Farm hand: 1914 Ford Model T

Staff reports
Farm Forum

More than a century ago, Henry Ford set out to put the world on wheels. Eventually he created a universal car for the multitudes — the Model T.

Ford produced various versions of the Model T by the millions before the last one rolled off the assembly line in 1927.

One of those first 1914 Model T Fords is now in the hands of John Mays in Conroe, Texas. When new, it rolled off the assembly line with a touring car body that Mays describes as a convertible with a front and rear seat and no side windows. It had a base price of $550.

The early history of the Ford is a mystery; however, Mays suspects the original owner was a Michigan farmer who decided that he needed a pickup bed more than a back seat. Sears-Roebuck provided a pickup bed kit to take the place of the back seat.

In 2014, the unrestored Ford was advertised for sale in an antique car magazine. “I wanted an unrestored Model T,” Mays says. At the time, the Model T was resting in an Ohio storage facility.

Seller and buyer agreed to meet in Dallas in September and the Ford was more than Mays had anticipated. “I couldn’t be more pleased,” he says.

Mays then towed his 1914 Ford pickup home on a trailer hitched to his 2012 Ford pickup. The engine casting date on the four-cylinder, 177-cubic-inch engine is 11-20-13, which indicates that it was originally installed in an early 1914 Model T.

The engine delivers 20 horsepower to the rear wheels through a planetary transmission with two forward gears, one reverse and neutral. The 10-gallon gasoline tank is mounted under the front seat and fuel is fed to the engine by gravity. Mays has a Ford measuring stick used to indicate how much fuel is left in the tank; it has three sets of calibrations to accurately measure square, round, or oval fuel tanks.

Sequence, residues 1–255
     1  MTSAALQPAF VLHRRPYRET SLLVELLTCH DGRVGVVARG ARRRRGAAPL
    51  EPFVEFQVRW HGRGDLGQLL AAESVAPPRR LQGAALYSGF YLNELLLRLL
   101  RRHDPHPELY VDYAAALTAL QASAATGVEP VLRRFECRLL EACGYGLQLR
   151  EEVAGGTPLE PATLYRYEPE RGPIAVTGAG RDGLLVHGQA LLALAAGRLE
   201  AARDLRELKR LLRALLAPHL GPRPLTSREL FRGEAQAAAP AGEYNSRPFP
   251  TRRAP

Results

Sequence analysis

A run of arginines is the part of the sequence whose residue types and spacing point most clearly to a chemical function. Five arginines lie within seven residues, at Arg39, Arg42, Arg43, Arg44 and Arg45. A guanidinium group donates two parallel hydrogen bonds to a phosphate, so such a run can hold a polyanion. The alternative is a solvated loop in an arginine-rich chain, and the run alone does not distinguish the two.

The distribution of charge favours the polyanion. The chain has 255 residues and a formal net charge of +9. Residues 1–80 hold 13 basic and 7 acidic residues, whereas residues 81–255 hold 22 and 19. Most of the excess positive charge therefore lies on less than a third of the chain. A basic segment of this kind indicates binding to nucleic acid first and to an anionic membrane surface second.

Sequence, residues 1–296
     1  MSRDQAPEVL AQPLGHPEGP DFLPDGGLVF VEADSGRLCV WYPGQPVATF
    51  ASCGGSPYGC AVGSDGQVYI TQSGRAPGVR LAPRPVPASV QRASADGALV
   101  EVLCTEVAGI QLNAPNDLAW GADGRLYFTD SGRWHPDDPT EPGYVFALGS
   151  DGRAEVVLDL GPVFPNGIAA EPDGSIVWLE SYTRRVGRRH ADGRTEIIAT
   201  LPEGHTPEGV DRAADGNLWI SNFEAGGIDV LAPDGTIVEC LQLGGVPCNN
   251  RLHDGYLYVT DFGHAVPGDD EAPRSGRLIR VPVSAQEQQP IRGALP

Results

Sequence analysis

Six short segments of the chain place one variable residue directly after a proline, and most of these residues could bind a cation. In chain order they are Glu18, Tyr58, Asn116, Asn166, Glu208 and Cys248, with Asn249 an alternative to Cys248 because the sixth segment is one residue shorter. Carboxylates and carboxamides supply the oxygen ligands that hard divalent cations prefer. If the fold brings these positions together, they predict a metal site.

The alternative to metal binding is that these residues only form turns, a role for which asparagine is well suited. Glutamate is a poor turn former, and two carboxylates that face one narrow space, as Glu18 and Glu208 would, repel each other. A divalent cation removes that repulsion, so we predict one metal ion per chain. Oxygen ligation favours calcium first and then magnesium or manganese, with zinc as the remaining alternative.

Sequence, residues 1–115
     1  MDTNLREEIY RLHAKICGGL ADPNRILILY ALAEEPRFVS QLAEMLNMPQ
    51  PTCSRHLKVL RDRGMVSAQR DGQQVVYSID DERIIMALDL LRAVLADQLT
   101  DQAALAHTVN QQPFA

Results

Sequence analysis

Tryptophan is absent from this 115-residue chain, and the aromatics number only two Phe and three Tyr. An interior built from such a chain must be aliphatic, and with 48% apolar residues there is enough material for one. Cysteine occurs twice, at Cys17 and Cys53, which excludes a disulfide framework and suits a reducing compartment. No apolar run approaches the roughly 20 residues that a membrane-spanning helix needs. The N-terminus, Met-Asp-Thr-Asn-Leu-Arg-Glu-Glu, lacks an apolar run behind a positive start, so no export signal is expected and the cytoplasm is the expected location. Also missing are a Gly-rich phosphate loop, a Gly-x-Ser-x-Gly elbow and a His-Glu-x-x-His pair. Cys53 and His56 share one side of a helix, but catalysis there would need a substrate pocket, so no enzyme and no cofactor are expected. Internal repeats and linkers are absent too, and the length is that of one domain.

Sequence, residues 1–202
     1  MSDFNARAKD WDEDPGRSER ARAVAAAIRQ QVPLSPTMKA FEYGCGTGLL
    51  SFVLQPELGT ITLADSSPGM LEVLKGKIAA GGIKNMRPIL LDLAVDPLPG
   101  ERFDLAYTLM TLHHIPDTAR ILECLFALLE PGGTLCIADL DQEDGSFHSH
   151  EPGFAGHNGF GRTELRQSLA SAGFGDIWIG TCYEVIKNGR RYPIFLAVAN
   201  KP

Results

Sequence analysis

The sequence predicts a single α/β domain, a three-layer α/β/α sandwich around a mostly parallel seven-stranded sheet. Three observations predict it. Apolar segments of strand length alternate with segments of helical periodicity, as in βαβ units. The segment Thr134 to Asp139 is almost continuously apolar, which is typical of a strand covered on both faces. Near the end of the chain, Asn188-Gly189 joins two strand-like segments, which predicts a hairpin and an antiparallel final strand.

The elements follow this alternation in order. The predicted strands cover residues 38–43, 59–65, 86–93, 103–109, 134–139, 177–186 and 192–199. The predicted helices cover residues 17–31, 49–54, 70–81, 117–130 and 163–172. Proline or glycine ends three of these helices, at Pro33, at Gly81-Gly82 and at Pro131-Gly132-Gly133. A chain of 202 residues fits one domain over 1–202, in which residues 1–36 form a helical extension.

Four quarts of oil lubricate both the engine and transmission, Mays says. Instead of a dipstick to check the oil level, the Model T has two petcocks, one above the other. If no oil flows out of the lower valve when it is opened, the engine needs oil. If oil flows out of the upper valve when it is opened no additional oil is required.

Mays says he has christened every vehicle that he has owned according to its personality. “Otis seems to fit” Mays says of his newest acquisition.

The 12-spoke wheels are shod with 30-inch tires, each one filled with 55 to 60 pounds of air pressure. Only the 3.5-inch-wide rear tires provide braking. The 3.0-inch-wide front tires are there for steering duty.

Since the Model T did not come equipped with a driver’s side door, the spare tire is placed where a driver’s door would have been. Above the spare tire is a brass horn that can blast out a warning by squeezing the rubber bulb.

A pair of horizontal glass panels forms the windshield. Mays explains that the top half can be swiveled open for ventilation or, he says with a grin, “If you want bugs in your teeth.”

When it comes to crank starting the Model T, Mays says the most important thing to remember is to retard the spark advance in order to avoid a possible bone breaking kickback.

When he first got the Model T Mays was concerned with the differential, which originally had Babbitt thrust washers. “Babbitts will tend to deteriorate after 100 years,” he explains. The original washers were replaced with bronze ones for reliability. They probably will be good for another century.

Mays says that, when new, the headlights on his Model T were illuminated by carbide gas created in a canister on the left running board. “The canister held carbide pellets and water,” Mays adds.

When the two were mixed, gas was created and directed to the headlights through rubber tubes. The glass lens of each headlight was then opened and with a match the headlights were lit. The cowl lights and taillight were simply kerosene lanterns.

“Around 40 miles per hour is the limit for me,” Mays says, “but I really enjoy driving around 20 to 25. I’m driving a Model T and I enjoy that, so why hurry?”

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